Let me see if I understand the procedure. We have two piles, which I will call the deck and the pile. If KH is not in the pile, we pull three cards off the top of the deck and put them in the pile. If KH is in the pile, we riffle shuffle the deck and the pile together. I will assume the mathematically idealized riffle shuffle where the order of cards within the deck and the pile do not change, but all possible ways of shuffling them together with this constraint are equally likely.

Here's a heuristic answer to your question, assuming that I've understood the procedure right.

When we pull the cards off by threes, if the King of Hearts is the $k$th card down, we get roughly an average of $k+1$ cards in the second pile, assuming $k$ varies over a range which is substantially more than 3.
The KH will be one of the top three cards in the pile when the pile and the rest of the deck are shuffled. It should be roughly equally likely to be any of the top three. Suppose that when they are shuffled, the expected number of cards in the pile is $P$, and in the deck is $52-P$. If you assume a riffle shuffle, and that there are exactly $P$ cards in the pile, then the expected number of cards above the King of Hearts after the shuffle is $2\frac{52-P}{P+1}+1$ (one card from the pile and $2\frac{52-P}{P+1}$ cards from the deck). We have the heuristic equation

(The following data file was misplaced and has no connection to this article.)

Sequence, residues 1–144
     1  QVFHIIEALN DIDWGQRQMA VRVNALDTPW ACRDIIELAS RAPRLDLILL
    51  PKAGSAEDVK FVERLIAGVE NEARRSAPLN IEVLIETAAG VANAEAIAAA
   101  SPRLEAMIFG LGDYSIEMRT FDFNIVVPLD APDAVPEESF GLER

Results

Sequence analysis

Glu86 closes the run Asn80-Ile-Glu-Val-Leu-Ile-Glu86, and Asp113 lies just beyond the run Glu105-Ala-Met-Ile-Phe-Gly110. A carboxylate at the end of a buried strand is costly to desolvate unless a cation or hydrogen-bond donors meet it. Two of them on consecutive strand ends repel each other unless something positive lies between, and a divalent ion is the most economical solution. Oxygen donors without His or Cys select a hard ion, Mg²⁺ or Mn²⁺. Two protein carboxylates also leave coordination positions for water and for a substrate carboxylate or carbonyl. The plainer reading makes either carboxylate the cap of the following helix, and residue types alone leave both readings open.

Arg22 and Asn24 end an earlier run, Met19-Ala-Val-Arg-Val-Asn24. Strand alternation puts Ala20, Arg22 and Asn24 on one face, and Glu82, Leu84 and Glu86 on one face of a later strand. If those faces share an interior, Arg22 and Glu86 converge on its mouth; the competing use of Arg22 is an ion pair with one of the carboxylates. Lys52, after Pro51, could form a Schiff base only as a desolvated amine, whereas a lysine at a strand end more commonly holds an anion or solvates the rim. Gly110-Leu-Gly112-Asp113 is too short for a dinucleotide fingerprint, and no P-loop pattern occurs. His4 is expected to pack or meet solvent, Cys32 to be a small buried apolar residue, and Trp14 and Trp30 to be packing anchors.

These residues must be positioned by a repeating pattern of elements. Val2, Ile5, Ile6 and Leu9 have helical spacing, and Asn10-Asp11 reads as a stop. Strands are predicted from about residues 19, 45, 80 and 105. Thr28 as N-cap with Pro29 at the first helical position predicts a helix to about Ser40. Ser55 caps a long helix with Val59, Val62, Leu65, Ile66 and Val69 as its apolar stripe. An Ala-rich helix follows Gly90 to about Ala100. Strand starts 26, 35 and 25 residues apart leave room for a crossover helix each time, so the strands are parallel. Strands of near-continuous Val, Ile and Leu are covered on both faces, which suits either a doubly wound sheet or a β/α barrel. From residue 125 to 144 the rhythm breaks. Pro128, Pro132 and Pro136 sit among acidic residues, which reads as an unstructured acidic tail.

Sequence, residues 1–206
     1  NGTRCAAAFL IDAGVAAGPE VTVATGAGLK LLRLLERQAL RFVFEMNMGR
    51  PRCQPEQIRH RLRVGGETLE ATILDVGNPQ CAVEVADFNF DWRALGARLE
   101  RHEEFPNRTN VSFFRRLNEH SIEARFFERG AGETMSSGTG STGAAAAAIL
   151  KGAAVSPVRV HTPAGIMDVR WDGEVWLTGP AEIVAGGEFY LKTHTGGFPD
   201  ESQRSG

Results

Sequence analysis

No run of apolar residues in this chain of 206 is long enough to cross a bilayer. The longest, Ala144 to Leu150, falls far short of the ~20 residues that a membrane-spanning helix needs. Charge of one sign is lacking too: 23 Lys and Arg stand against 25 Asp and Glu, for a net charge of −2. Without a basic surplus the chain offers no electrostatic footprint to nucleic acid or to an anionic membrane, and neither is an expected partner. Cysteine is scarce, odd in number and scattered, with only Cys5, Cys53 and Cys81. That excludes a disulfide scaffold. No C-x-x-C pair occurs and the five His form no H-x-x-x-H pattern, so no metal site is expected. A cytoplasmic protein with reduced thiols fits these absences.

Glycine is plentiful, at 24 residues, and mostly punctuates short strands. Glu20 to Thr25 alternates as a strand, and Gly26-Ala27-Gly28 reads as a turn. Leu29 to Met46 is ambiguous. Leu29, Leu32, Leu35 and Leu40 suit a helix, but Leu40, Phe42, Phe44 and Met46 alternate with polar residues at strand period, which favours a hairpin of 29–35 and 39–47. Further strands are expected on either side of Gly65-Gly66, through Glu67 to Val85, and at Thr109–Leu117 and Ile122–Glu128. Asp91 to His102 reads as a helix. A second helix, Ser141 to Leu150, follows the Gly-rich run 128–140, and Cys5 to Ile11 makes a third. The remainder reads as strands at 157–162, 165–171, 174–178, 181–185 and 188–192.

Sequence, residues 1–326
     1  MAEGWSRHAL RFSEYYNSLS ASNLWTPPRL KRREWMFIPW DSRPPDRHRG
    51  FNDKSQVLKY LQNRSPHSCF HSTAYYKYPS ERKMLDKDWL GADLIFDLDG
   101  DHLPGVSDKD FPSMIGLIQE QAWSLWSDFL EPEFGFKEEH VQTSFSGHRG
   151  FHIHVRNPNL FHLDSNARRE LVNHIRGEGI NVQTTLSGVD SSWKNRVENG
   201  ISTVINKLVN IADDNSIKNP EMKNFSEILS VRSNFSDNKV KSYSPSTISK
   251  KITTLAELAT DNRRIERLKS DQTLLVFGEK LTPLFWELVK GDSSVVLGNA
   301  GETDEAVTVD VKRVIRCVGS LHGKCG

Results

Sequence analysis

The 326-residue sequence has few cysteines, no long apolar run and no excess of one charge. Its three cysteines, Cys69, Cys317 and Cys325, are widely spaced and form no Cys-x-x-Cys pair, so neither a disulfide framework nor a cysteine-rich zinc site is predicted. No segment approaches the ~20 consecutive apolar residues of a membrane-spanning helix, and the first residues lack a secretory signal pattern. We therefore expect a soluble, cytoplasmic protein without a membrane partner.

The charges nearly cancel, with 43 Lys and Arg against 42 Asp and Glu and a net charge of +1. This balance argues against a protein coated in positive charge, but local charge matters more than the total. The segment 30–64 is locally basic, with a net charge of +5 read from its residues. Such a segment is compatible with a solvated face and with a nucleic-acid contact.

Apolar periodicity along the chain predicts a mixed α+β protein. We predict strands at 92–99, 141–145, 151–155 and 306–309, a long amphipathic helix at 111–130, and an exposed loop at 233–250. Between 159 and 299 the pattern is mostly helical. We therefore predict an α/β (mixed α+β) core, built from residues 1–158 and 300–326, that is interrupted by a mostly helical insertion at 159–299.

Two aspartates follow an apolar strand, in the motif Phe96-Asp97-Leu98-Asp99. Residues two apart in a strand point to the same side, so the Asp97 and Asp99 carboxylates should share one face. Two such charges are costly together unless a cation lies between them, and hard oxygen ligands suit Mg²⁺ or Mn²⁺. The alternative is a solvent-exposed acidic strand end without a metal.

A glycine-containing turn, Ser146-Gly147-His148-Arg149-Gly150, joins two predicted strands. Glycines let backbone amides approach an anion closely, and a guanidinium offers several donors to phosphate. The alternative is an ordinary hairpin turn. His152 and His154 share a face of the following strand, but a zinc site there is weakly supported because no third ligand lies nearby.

$$ P-1 =k = 2\frac{52-P}{P+1}+1$$ or $P \approx 9.8$.

One reason it's not exactly correct is that we can't average over $P$ if it's in the denominator. Another reason is that $k$ is probably too small to be equally likely to be one of the three residues mod 3. It shouldn't be hard to write a program to simulate this, if you want a more exact answer.

UPDATE: improved estimate slightly